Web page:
I would appreciate any help with the question attached.

Thank-you

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- Aug 31st 2013, 06:06 AM99.95complex analysis - No Idea where to start
I would appreciate any help with the question attached.

Thank-you - Aug 31st 2013, 08:40 AMSworDRe: complex analysis - No Idea where to start
I don't know how to present this rigorously, but I can tell you from an intuitive perspective why this makes perfect sense. First of all, the first thing to notice is that the only values in question are those located on the unit circle. The entire integration is done on those points. As far as the rest of the complex plane is concerned, they could be 0 or undefined or whatever. So perhaps an easier way to think about this might be to think of it as a function $\displaystyle f: [0,2\pi] => \mathbb{C}$

Make the substitution $\displaystyle z = e^{i\theta}$. Then your integral becomes:

$\displaystyle \int_{0}^{\2\pi} f(e^{i\theta}) ie^{i\theta} d\theta$

Notice that the absolute value of the left part of the integrand is bounded by M, as stated in the problem. Furthermore, the right side of the integrand (the $\displaystyle ie^{i\theta}$) is on the unit circle, so according to the theorems about multiplying complex numbers, the absolute value of the entire integrand is bounded by M. And since the integral ranges from 0 to 2Pi, the only way the absolute value of the integral is 2*Pi*M is if the pieces, if you will, of the integral, cooperate perfectly - there can be no "destructive interference" based on different angles. Also, the absolute value needs to actually be M, and not any less, otherwise the integral loses the chance to be 2*Pi*M, which is only possible in perfect conditions.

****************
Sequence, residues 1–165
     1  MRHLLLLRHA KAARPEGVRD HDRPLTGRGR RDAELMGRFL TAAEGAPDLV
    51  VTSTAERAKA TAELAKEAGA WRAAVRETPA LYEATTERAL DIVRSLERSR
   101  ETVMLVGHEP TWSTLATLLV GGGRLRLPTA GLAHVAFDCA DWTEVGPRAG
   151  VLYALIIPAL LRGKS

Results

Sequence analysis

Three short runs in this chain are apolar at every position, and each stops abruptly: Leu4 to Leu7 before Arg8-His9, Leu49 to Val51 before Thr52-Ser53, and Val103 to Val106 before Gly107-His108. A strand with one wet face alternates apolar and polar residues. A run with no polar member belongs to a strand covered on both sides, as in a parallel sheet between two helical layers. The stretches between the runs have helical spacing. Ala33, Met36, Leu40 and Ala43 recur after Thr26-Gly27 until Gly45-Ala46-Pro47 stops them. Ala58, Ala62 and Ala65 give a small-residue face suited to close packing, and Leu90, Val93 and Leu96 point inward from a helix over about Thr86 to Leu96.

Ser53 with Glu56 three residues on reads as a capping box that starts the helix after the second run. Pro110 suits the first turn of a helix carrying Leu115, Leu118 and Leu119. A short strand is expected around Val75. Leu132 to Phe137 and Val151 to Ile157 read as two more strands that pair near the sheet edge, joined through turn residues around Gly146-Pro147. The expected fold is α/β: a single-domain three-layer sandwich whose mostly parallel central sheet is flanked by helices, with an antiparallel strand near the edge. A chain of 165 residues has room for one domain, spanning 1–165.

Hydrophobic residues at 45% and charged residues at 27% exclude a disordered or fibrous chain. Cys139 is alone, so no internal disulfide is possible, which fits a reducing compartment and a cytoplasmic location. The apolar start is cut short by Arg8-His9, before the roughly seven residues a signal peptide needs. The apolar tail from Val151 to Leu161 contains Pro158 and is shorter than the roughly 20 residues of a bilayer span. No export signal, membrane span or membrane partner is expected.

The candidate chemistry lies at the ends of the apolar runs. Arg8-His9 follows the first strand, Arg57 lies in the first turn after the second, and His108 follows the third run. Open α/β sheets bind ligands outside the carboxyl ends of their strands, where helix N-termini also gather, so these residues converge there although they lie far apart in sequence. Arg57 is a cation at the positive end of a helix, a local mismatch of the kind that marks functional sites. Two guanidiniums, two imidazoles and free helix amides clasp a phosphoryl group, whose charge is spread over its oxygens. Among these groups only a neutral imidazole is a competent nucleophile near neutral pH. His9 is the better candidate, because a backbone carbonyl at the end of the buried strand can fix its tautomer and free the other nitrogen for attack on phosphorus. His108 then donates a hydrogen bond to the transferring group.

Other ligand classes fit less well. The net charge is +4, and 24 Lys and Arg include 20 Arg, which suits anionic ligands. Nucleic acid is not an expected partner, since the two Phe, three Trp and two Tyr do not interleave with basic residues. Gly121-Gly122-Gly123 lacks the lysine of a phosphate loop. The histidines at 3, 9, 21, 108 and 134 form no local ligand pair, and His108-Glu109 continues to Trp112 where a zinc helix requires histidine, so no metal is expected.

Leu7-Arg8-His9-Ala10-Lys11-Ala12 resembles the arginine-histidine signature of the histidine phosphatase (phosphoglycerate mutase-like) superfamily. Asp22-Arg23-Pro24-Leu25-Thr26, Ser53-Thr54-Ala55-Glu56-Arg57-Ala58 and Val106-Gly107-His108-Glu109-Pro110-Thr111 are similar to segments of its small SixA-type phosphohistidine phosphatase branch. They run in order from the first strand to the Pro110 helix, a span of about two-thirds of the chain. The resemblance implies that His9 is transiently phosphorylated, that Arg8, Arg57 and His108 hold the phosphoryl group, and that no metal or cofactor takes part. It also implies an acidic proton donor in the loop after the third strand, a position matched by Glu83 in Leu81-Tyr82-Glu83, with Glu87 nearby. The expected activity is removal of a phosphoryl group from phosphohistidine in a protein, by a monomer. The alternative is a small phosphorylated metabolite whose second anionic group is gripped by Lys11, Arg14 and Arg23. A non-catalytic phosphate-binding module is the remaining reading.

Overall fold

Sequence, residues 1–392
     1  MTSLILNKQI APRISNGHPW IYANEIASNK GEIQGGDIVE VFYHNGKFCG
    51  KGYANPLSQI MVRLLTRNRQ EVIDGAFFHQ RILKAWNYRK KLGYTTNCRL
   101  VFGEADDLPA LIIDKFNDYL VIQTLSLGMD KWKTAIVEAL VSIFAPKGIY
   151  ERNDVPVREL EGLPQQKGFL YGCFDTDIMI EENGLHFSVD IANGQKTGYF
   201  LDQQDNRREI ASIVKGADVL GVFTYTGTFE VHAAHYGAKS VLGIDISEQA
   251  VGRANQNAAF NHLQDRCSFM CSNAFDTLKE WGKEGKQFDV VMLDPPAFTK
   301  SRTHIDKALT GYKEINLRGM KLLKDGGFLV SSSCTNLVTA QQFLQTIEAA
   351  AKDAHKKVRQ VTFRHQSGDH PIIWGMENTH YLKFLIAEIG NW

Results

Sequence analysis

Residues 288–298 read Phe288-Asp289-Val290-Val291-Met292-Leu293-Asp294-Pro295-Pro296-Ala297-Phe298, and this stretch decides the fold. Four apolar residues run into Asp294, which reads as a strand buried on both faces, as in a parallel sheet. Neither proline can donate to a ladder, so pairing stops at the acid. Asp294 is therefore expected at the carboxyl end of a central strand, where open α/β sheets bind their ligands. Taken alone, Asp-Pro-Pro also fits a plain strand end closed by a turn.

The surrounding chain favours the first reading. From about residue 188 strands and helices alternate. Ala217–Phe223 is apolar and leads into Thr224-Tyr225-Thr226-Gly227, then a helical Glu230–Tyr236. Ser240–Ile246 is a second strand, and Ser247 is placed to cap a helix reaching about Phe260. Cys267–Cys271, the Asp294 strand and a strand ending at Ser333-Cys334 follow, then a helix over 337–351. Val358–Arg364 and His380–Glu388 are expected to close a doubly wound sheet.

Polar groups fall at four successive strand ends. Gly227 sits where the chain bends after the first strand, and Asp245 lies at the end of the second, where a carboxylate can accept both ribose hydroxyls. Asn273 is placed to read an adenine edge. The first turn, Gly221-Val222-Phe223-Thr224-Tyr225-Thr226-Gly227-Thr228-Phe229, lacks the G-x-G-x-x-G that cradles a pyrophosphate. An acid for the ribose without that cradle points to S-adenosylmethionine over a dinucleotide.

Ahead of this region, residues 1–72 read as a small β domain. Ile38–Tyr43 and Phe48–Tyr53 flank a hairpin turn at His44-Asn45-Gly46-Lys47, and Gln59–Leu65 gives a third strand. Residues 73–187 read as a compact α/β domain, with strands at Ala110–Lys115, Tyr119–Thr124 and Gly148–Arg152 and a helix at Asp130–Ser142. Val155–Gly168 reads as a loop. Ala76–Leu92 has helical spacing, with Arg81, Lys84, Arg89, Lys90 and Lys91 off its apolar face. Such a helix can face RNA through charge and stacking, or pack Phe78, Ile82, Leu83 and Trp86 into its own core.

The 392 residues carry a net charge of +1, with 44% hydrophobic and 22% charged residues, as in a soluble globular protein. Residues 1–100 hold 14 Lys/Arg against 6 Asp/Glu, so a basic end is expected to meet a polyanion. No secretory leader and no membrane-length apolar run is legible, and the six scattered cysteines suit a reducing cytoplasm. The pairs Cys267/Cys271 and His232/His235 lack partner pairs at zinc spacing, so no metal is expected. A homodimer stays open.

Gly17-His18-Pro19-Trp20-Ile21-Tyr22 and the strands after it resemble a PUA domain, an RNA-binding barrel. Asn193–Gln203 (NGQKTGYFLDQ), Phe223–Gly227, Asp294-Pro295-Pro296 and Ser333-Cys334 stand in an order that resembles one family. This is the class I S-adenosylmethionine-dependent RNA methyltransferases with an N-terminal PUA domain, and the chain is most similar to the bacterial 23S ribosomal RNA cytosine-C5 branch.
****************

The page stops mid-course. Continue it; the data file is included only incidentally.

The only way this is possible is if and only if the argument (angle) of the integrand, whatever it may be - is constant. Lets see our integrand: $\displaystyle f(e^{i\theta}) ie^{i\theta}$. Now recall, that the absolute value of the integrand also MUST be equal to M.

So we have two requirements: 1) the absolute value of the integrand is constant M, and 2) the argument of the integrand is a constant. If both the absolute value and the argument is constant, the entire integrand itself must be constant! Let's call this number c: it can be any complex number who's absolute value is M.

So we have this: $\displaystyle c = f(e^{i\theta}) e^{i\theta}$ (I dropped the [times i] for simplicity because it can be "absorbed" into c: it doesn't change the absolute value of c, which was the only restriction.)

Solving for the function f, we get

$\displaystyle f(e^{i\theta}) = ce^{-i\theta}$. Substiting back the z for $\displaystyle e^{i\theta}$ yields

$\displaystyle f(z) = c\bar z$.

Now I know this post was wordy, but hopefully it leads you to the right track. You will probably have to formalize it a little bit. Tell me if there's anything that's too confusing in my post. - Sep 1st 2013, 01:24 AM99.95Re: complex analysis - No Idea where to start
thanks. I caught up on the lectures yesterday and re-read my textbook which helped a bit.

Your post was very helpful.